What does your university president see as the risk of litigation from football concussions?
What were the freshman recruits told when they were recruited about a.) the risk of concussion and b.) who pays the medical bills if there's an injury and c.) what happens to the athlete's scholarship if he/she is injured?   

Any college athlete can find lots of advice on a project my students produced a couple semesters ago on Athletic Medical Bills.

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Thursday, August 14, 2014

The Newsroom of the Future

Tennessean Executive Editor Stefanie Murray says she's creating the "newsroom of the future."   In any newsroom, there are two things to remember:

1.  All the technology is worthless if the journalism isn't solid.
2.  If a newsroom isn't doing accountability journalism, it's NOT journalism.

For any newsroom of the future to have any value, it needs to have journalists who are journalists, not human microphone stands.   That means they have to ask questions that need to be asked.   Here are some questions that would be of value to users, readers and viewers.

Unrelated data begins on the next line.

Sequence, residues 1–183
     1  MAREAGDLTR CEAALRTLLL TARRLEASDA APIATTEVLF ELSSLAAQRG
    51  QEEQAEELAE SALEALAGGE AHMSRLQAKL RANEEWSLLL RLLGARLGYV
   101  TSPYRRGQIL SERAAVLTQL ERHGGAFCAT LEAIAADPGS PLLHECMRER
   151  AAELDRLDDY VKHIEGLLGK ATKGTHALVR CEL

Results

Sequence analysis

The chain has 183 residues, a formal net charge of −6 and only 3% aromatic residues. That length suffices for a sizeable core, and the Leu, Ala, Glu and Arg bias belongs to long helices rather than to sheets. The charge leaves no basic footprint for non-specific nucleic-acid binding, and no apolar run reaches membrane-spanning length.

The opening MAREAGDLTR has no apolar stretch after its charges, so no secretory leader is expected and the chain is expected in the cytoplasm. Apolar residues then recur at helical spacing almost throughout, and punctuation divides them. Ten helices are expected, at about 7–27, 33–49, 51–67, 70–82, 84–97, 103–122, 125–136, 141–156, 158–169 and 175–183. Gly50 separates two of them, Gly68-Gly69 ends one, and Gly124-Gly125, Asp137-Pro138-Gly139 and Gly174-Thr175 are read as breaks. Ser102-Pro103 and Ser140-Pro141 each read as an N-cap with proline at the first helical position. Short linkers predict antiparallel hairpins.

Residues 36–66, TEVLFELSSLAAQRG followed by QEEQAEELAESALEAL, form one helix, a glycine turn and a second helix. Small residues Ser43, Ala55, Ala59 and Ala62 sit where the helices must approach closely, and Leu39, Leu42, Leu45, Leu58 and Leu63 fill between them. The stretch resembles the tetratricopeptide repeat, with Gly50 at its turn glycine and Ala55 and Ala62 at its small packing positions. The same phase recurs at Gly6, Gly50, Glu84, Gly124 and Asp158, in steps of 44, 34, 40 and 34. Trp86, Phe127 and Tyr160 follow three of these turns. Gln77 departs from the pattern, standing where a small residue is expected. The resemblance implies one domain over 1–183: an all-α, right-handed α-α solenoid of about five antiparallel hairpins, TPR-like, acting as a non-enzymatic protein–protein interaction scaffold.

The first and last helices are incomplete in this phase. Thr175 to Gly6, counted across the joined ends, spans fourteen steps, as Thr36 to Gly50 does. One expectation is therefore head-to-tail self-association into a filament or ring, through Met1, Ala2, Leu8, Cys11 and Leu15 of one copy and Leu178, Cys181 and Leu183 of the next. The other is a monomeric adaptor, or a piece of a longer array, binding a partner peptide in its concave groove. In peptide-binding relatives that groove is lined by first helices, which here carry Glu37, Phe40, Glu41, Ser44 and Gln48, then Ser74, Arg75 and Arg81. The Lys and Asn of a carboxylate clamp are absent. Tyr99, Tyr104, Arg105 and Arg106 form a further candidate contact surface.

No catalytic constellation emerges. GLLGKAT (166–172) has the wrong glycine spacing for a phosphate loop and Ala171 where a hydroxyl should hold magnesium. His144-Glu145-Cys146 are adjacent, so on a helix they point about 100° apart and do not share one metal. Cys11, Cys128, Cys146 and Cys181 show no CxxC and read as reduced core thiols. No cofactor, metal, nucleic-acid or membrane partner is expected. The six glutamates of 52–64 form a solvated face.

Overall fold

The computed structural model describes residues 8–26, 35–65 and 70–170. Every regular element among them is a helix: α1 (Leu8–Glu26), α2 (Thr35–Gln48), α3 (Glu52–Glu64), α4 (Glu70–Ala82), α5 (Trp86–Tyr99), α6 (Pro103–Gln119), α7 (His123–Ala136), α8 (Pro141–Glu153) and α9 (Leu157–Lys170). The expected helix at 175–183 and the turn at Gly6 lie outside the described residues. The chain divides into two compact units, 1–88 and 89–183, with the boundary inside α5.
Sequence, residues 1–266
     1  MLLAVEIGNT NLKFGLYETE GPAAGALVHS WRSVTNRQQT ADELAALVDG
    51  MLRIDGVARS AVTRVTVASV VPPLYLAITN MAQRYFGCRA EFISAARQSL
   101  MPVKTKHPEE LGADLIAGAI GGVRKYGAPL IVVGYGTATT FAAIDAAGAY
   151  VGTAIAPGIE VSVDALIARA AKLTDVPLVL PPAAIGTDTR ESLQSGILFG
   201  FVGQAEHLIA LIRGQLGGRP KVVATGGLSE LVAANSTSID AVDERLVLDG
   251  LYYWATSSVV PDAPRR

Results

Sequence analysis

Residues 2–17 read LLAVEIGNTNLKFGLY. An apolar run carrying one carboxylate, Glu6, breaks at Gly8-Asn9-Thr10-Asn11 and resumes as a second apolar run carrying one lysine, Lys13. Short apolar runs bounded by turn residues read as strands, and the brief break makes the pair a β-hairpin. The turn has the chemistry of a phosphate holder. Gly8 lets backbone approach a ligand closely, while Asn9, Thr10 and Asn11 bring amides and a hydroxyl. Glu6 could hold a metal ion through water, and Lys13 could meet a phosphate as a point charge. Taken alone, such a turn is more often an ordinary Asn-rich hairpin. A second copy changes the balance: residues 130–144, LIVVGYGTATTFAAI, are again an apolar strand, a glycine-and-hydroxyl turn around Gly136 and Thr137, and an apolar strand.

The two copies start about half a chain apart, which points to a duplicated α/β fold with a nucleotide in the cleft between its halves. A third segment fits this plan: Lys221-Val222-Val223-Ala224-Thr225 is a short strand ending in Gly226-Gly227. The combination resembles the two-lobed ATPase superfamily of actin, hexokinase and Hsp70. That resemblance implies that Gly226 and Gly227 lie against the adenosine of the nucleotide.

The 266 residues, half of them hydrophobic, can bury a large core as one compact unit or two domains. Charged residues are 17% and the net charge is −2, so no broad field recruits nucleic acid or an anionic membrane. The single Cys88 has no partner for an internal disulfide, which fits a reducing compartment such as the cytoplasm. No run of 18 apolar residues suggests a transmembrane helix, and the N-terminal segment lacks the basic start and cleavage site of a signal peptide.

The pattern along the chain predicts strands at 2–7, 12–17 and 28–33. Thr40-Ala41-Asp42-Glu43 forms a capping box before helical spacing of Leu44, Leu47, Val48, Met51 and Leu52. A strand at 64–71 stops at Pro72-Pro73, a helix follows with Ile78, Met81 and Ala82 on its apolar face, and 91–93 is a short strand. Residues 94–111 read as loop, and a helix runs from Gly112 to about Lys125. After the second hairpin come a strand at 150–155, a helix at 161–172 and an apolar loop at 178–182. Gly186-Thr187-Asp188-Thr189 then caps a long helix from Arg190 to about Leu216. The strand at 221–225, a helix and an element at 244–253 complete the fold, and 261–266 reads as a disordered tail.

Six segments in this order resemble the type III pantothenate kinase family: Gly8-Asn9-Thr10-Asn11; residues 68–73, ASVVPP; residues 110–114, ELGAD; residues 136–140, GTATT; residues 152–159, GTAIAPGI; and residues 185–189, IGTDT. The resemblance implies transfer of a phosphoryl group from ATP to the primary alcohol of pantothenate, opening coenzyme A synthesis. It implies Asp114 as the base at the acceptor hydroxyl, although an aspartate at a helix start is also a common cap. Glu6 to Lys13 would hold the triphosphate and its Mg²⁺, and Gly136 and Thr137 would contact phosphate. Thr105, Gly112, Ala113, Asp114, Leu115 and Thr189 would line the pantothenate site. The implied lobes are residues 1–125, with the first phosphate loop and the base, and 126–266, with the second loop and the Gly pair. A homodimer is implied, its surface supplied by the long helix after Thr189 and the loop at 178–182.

Questions for the Governor

What is the bonded indebtedness of your state and how do you intend to pay for it?

In state after state, the highest paid public employee is either a football coach or a basketball coach?   Do you think that is wise public policy?   Why or why not? 

Should employees and citizens have the right to know what dangerous chemicals they may be exposed to due to fracking, or do you agree with laws like the one in Pennsylvania that allow corporations to keep such information secret from the public?

Do you believe in science, why or why not?

What are the economic implications for your state due to climate change? 

In other industries, the computer has allowed managers to do more with fewer people. The only institution where administrative ranks have expanded significantly is higher education.   In examining the administrator/professor ratio, your state universities have far more administrators now than they did fifty years ago.   Why do your universities need more administrators now than they did before the computer age?

Do elected public officials have a responsibility to agree to interviews with reporters wanting to do in depth interviews on subjects of importance to your state?  Why or why not? 

Questions for members of Congress

Why is healthcare significantly more expensive in the United States than any other industrialized nation?  What are the causes of such significantly higher costs?